Prior to the Agriculture Department’s August 2018 Farm Income Forecast, net farm income, a broad measure of farm profitability, was projected in 2018 to be at the lowest level in more than a decade at $59.5 billion. This forecast, published in February, represented a drop in farm income of more than 50 percent, or $64 billion, from 2013’s high. It would have been the largest ever five-year decline in farm income.
Now, following USDA’s August update, net farm income is projected at $65.7 billion—the third-lowest level over the last decade, behind 2016 and 2009. While net farm income is still projected to be 13 percent lower than 2017 levels, it is no longer expected to sink to decade-low levels. Instead, higher projections of gross farm income more than offset higher gross expenses.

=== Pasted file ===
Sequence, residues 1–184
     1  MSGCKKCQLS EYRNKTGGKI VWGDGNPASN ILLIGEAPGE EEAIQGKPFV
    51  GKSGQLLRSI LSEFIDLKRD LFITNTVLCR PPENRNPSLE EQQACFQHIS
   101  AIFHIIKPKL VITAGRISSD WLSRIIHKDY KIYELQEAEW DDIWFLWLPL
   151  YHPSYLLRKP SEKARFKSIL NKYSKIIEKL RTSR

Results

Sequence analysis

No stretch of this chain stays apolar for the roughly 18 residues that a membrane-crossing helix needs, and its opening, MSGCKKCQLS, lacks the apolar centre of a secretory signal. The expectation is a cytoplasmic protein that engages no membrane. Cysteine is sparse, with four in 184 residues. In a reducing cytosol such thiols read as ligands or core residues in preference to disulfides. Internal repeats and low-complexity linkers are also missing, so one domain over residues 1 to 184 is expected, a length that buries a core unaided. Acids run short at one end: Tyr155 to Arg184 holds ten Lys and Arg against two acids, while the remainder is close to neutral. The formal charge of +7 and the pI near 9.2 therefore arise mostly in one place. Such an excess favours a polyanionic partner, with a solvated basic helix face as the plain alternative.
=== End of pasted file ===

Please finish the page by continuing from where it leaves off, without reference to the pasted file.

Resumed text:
Net farm income is watched so closely because it is a comprehensive indicator of U.S. farm profitability – for all crops and livestock – and includes cash receipts from farming as well as farm-related income, including government payments and non-cash items like changes in inventories, economic depreciation and gross imputed rental income, minus cash expenses.